BERNARD STICKNEY, Primary Examiner.

Claims (1)

1. A PLEATER FOR FORMING LONGITUDINALLY EXTENDING PLEATS IN A HORIZONTALLY ELONGATED SHEET OF MATERIAL ADAPTED TO BE MOVED LONGITUDINALLY THROUGH SAID PLEATER COMPRISING, A PLURALITY OF TRANSVERSELY SPACED APART HORIZONTALLY ELONGATED VERTICALLY DISPOSED LOWER PLEATER ELEMENTS EXTENDING UPWARDLY INTO ENGAGEMENT ALONG THEIR UPER EDGES WITH SAID SHEET FOR FORMING UPPER FOLDS, A PLURALITY OF TRANSVERSELY SPACED APART HORIZONTALLY ELONGATED VERTICALLY DISPOSED UPPER PLEATER ELEMENTS EXTENDING DOWNWARDLY INTO ENGAGEMENT ALONG THEIR LOWER EDGES WITH SAID SHEET FOR FORMING LOWER FOLDS INTERMEDIATE SAID UPPER FOLDS, SAID UPPER AND LOWER ELEMENTS CONVERGING TOWARD A CENTRAL LONGITUDINALLY EXTENDING CENTRAL PLANE IN A FORWARD DIRECTION RELATIVE TO THE DIRECTION OF TRAVEL OF AID SHEET FOR CONVERGING SAID FOLDS TO FORM CLOSELY ADJACENT SUBSTANTIALLY VERTICALLY DISPOSED PLEATS, THE INNER OF SAID UPPER AND LOWER PLEATER ELEMENTS BEING SUBSTANTIALLY LONGER THAN THE OUTER ELEMENTS AND THE LENGTH OF SAID ELEMENTS CHANGING PROGRESSIVELY FROM THE CENTRAL ELEMENT TO THE OUTER ELEMENTS ON BOTH SIDES OF SAID CENTRAL ELEMENT.
US47025965 1964-03-27 1965-06-02 Pleater for sheet material and means for tying and cutting casings Expired - Lifetime US3348458A (en)

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Cited By (13)

* Cited by examiner, † Cited by third party
Publication number Priority date Publication date Assignee Title
US3831501A (en) * 1973-07-16 1974-08-27 Eastman Kodak Co Sheet plicating device
US3904089A (en) * 1974-05-28 1975-09-09 Daniel Demagny Pleating machine
US4170347A (en) * 1977-06-22 1979-10-09 E. I. Du Pont De Nemours And Company Web pleater
US4181552A (en) * 1978-04-21 1980-01-01 Illinois Tool Works Inc. Machine and method for forming a pleated and wound electrical capacitor with a metallized dielectric
US4308022A (en) * 1978-11-29 1981-12-29 Kureha Kagaku Kogyo Kabushiki Kaisha Apparatus for binding smoking casings
DE3318727A1 (en) * 1983-05-21 1984-11-22 Niedecker Herbert Method of producing sections of gut, which are sealed on one side, from a roll of tube
US4607770A (en) * 1985-04-18 1986-08-26 Wayne Chodosh Heat treatment of fabrics and other sheet material
US4621751A (en) * 1982-04-23 1986-11-11 Barroso Angel L Multiple, longitudinal folding apparatus
US4938739A (en) * 1986-02-04 1990-07-03 Sundstrom Safety Ab Equipment for folding paper webs and the like
US5013291A (en) * 1988-04-26 1991-05-07 Maurice Granger Device destined to automatically dispense wiping materials of a concertina form consisting of rolled up strips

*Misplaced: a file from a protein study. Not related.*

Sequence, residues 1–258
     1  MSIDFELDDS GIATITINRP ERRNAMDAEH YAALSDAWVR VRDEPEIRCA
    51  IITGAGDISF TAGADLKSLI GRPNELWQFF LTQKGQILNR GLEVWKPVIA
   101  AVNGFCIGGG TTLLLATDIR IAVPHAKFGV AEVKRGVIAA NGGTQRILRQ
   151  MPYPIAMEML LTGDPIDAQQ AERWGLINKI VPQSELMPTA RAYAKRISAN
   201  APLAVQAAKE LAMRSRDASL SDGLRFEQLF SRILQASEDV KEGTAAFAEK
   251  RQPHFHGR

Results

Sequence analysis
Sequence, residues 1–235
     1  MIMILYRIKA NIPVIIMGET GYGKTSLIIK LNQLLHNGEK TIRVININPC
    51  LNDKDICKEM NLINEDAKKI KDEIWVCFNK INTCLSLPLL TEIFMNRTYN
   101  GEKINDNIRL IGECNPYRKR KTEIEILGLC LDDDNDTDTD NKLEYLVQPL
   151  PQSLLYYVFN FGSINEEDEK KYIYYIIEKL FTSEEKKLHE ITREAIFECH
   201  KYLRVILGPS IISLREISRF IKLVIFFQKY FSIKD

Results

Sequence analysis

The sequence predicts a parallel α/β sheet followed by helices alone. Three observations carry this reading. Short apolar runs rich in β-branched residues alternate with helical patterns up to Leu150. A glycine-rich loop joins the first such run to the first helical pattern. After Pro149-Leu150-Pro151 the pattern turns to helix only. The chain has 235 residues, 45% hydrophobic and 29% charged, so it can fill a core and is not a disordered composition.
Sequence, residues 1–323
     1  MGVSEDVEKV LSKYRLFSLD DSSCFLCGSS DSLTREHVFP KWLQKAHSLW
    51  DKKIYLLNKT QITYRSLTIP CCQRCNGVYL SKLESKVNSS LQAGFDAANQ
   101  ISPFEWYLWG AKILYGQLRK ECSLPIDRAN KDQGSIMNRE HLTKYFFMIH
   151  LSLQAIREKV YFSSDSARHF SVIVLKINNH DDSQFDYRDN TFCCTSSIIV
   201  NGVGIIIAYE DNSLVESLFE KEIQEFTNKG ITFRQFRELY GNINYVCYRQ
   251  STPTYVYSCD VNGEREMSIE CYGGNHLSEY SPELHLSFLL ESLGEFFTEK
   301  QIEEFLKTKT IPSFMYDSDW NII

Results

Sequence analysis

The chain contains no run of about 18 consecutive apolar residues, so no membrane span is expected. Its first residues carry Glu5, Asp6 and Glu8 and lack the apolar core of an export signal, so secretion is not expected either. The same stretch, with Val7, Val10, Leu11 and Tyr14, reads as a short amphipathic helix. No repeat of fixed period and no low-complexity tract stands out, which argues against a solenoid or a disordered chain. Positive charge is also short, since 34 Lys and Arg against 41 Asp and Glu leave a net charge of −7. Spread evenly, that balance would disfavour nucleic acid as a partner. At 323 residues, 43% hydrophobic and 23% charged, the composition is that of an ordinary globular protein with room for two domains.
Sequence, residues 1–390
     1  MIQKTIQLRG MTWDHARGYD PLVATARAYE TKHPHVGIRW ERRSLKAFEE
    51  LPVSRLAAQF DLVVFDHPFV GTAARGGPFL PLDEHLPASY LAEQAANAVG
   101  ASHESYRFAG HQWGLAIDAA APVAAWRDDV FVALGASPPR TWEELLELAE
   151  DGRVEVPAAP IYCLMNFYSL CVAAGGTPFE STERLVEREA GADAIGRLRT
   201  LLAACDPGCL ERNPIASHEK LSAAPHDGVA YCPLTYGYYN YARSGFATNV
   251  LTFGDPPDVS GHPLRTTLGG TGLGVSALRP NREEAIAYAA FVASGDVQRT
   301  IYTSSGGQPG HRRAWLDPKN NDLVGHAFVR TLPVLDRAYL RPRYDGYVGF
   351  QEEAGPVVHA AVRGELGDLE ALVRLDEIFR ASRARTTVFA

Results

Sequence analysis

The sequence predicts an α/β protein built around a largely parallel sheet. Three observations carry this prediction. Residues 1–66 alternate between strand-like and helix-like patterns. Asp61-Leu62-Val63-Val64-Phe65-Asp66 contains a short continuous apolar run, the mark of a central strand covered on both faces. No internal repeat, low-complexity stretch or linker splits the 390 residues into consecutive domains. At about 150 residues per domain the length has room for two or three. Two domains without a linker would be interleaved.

WO2003006352A1 (en) * 2001-07-13 2003-01-23 The Procter & Gamble Company A continuous in-line pleating apparatus and process
US20060243763A1 (en) * 2005-04-29 2006-11-02 Feuer Keith J Pleated buntings and method of making same
US20070080092A1 (en) * 2005-10-12 2007-04-12 Sealed Air Corporation (Us) Compacted bag configuration and method for making the same

Citations (3)

* Cited by examiner, † Cited by third party
Publication number Priority date Publication date Assignee Title
FR479564A (en) * 1914-08-25 1916-04-12 Anti Creaser Company Ltd Method and apparatus for creasing paper or similar material for use in packaging
US2589792A (en) * 1947-03-21 1952-03-18 Hercules Fasteners Inc Pleating machine
US2986076A (en) * 1958-01-23 1961-05-30 Grace W R & Co Container forming apparatus and method

Patent Citations (3)

* Cited by examiner, † Cited by third party
Publication number Priority date Publication date Assignee Title
FR479564A (en) * 1914-08-25 1916-04-12 Anti Creaser Company Ltd Method and apparatus for creasing paper or similar material for use in packaging
US2589792A (en) * 1947-03-21 1952-03-18 Hercules Fasteners Inc Pleating machine
US2986076A (en) * 1958-01-23 1961-05-30 Grace W R & Co Container forming apparatus and method

Cited By (17)

* Cited by examiner, † Cited by third party
Publication number Priority date Publication date Assignee Title
US3831501A (en) * 1973-07-16 1974-08-27 Eastman Kodak Co Sheet plicating device
US3904089A (en) * 1974-05-28 1975-09-09 Daniel Demagny Pleating machine
US4170347A (en) * 1977-06-22 1979-10-09 E. I. Du Pont De Nemours And Company Web pleater
US4181552A (en) * 1978-04-21 1980-01-01 Illinois Tool Works Inc. Machine and method for forming a pleated and wound electrical capacitor with a metallized dielectric
US4308022A (en) * 1978-11-29 1981-12-29 Kureha Kagaku Kogyo Kabushiki Kaisha Apparatus for binding smoking casings
US4621751A (en) * 1982-04-23 1986-11-11 Barroso Angel L Multiple, longitudinal folding apparatus